skip to main content
OSTI.GOV title logo U.S. Department of Energy
Office of Scientific and Technical Information

Title: Guidance on Radiochronometry

Abstract

Radiochronometry is the measurement of radioactive materials and their decay products to determine the “age” of the material. It differs from the practice of geochronology in that the materials (samples) are man-made, and in that the timespan of interest is confined to the nuclear era, i.e., since the discovery of fission in 1939. In radiochronometry, the “age” of the material ideally records the time when the sample was manufactured, or produced in the final form that is analyzed in the laboratory. It is an important predictive signature in a nuclear forensic investigation which can help in the attribution to a source. The calculation of this “age” can only be made if a model is invoked that allows simplification of the parent radionuclide to daughter isotope decay equation. The simplification required for this model is that the parent was purified completely from all traces of its daughter product at the time of sample preparation. Then, this “age” should be described as the “model age” from which a “model date” in the past can then be calculated. For this model date to represent the date of sample preparation, two other assumptions are required to be true. The first is that the materialmore » has remained a closed system since that time (i.e., that there has been no loss or gain of either parent or daughter), and the second is that the analyses are accurate.« less

Authors:
 [1];  [1];  [1]
  1. Lawrence Livermore National Lab. (LLNL), Livermore, CA (United States)
Publication Date:
Research Org.:
Lawrence Livermore National Lab. (LLNL), Livermore, CA (United States)
Sponsoring Org.:
USDOE
OSTI Identifier:
1321436
Report Number(s):
LLNL-TR-701379
TRN: US1700266
DOE Contract Number:
AC52-07NA27344
Resource Type:
Technical Report
Country of Publication:
United States
Language:
English
Subject:
38 RADIATION CHEMISTRY, RADIOCHEMISTRY, AND NUCLEAR CHEMISTRY; 98 NUCLEAR DISARMAMENT, SAFEGUARDS, AND PHYSICAL PROTECTION; RADIOACTIVE MATERIALS; DAUGHTER PRODUCTS; NUCLEAR FORENSICS; SAMPLE PREPARATION; DECAY; AGE ESTIMATION; EQUATIONS; MATHEMATICAL MODELS; RECOMMENDATIONS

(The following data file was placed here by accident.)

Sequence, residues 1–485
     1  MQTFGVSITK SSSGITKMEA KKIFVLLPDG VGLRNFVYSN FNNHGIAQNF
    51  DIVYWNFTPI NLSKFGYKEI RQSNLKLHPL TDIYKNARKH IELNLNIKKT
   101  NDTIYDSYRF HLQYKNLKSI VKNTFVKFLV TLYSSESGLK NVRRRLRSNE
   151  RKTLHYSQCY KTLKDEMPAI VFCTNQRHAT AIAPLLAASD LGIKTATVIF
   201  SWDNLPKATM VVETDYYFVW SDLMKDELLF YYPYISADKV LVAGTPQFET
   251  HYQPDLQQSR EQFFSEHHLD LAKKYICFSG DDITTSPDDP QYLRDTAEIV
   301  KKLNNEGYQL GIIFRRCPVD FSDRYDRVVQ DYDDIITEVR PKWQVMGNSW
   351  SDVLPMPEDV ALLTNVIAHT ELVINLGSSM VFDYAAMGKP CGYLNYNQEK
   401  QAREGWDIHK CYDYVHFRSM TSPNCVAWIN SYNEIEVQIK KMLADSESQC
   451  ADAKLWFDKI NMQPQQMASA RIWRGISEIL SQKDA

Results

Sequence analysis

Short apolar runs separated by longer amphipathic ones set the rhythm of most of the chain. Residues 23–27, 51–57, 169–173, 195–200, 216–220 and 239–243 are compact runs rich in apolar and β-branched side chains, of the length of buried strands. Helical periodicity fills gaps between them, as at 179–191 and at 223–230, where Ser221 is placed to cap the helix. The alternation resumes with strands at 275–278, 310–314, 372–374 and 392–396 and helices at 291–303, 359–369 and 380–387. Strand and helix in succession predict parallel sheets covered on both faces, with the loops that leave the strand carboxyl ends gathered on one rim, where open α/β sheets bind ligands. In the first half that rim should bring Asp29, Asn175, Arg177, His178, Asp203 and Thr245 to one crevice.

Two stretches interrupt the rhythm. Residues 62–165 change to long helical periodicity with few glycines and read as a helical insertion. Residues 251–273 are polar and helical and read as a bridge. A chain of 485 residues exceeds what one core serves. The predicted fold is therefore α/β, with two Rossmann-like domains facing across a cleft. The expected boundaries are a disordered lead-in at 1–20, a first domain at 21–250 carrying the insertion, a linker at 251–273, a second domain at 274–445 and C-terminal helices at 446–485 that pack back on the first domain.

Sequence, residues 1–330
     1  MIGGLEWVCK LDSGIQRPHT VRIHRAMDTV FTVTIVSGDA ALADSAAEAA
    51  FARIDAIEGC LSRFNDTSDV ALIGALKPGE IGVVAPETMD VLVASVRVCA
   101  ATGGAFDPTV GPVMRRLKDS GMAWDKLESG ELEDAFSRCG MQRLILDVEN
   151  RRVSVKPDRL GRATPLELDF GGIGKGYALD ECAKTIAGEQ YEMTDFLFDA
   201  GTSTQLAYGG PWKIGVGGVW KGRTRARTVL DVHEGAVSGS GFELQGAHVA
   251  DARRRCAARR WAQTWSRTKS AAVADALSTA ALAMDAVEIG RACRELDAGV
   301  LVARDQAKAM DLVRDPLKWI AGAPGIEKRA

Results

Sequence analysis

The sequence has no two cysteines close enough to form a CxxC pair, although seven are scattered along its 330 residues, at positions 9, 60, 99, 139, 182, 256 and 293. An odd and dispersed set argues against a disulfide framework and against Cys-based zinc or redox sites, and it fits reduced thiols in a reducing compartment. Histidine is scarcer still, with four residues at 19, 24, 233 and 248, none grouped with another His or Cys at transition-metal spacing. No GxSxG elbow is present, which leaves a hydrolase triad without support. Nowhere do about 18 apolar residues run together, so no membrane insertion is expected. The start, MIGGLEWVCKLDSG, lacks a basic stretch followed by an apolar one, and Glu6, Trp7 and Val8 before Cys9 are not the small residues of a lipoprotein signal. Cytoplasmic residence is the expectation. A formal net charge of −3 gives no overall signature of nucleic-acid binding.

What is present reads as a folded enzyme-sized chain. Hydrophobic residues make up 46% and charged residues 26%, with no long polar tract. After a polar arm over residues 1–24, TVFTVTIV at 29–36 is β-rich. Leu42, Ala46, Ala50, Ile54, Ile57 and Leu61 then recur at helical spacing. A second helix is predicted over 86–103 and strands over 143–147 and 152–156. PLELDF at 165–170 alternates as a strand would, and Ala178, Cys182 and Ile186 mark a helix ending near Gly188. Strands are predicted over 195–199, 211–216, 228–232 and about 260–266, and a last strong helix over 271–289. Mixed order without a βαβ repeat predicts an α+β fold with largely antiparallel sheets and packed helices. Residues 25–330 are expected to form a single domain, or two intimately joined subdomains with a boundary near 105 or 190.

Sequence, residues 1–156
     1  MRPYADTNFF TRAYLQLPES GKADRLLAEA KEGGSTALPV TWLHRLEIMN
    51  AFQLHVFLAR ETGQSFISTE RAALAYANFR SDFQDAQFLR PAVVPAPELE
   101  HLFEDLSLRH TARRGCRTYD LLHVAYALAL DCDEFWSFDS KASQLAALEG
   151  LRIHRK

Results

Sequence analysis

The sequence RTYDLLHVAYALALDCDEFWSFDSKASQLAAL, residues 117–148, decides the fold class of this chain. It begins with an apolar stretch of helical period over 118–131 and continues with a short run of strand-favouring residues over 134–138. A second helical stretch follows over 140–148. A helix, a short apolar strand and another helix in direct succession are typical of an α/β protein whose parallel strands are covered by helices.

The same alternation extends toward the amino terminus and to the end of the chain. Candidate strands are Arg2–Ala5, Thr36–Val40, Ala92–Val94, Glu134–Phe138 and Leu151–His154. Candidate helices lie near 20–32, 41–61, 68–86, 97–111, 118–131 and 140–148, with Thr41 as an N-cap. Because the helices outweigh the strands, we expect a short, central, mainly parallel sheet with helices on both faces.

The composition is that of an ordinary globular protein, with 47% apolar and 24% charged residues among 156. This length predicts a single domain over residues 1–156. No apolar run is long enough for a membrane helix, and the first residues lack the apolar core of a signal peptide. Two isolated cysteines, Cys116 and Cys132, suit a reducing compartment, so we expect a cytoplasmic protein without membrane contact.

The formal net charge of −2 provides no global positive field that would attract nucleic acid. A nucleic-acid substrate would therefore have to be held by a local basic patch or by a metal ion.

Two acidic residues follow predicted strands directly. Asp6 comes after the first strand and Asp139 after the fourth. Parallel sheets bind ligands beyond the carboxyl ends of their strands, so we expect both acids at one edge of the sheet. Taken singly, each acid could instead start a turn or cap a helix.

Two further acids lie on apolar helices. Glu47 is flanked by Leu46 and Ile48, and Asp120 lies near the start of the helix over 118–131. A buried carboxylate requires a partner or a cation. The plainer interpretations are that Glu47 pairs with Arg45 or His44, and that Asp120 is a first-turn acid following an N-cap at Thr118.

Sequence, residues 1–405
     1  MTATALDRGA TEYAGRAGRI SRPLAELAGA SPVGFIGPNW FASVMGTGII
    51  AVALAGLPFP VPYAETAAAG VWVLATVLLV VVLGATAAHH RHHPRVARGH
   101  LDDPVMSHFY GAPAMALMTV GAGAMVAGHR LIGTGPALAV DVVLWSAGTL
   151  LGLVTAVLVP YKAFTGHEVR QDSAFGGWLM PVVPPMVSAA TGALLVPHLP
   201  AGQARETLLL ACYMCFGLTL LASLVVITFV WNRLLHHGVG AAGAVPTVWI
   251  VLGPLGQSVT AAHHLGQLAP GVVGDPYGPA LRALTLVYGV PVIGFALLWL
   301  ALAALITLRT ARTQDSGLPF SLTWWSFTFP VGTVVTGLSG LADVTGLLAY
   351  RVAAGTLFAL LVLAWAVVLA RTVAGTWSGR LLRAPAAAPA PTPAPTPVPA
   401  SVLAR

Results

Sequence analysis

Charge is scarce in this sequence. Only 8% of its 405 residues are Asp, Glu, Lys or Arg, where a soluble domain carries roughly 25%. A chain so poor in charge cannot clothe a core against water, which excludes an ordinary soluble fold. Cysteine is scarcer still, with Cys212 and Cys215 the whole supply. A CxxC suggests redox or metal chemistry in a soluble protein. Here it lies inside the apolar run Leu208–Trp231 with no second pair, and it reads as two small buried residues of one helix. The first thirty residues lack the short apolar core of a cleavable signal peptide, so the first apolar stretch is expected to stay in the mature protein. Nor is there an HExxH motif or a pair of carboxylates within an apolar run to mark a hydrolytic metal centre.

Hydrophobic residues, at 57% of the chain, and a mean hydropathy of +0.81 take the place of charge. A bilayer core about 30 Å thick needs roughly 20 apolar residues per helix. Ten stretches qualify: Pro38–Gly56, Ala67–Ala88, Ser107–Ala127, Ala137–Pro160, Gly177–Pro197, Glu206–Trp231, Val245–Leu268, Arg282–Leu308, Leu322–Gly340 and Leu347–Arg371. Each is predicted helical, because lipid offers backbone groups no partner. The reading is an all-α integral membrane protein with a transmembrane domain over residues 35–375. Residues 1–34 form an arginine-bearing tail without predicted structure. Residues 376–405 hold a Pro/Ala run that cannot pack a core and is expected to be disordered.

Citation Formats

Williams, Ross W., Gaffney, Amy M., and Kristo, Michael J. Guidance on Radiochronometry. United States: N. p., 2016. Web. doi:10.2172/1321436.
Williams, Ross W., Gaffney, Amy M., & Kristo, Michael J. Guidance on Radiochronometry. United States. doi:10.2172/1321436.
Williams, Ross W., Gaffney, Amy M., and Kristo, Michael J. Sun . "Guidance on Radiochronometry". United States. doi:10.2172/1321436. https://www.osti.gov/servlets/purl/1321436.
@article{osti_1321436,
title = {Guidance on Radiochronometry},
author = {Williams, Ross W. and Gaffney, Amy M. and Kristo, Michael J.},
abstractNote = {Radiochronometry is the measurement of radioactive materials and their decay products to determine the “age” of the material. It differs from the practice of geochronology in that the materials (samples) are man-made, and in that the timespan of interest is confined to the nuclear era, i.e., since the discovery of fission in 1939. In radiochronometry, the “age” of the material ideally records the time when the sample was manufactured, or produced in the final form that is analyzed in the laboratory. It is an important predictive signature in a nuclear forensic investigation which can help in the attribution to a source. The calculation of this “age” can only be made if a model is invoked that allows simplification of the parent radionuclide to daughter isotope decay equation. The simplification required for this model is that the parent was purified completely from all traces of its daughter product at the time of sample preparation. Then, this “age” should be described as the “model age” from which a “model date” in the past can then be calculated. For this model date to represent the date of sample preparation, two other assumptions are required to be true. The first is that the material has remained a closed system since that time (i.e., that there has been no loss or gain of either parent or daughter), and the second is that the analyses are accurate.},
doi = {10.2172/1321436},
journal = {},
number = ,
volume = ,
place = {United States},
year = {Sun Aug 21 00:00:00 EDT 2016},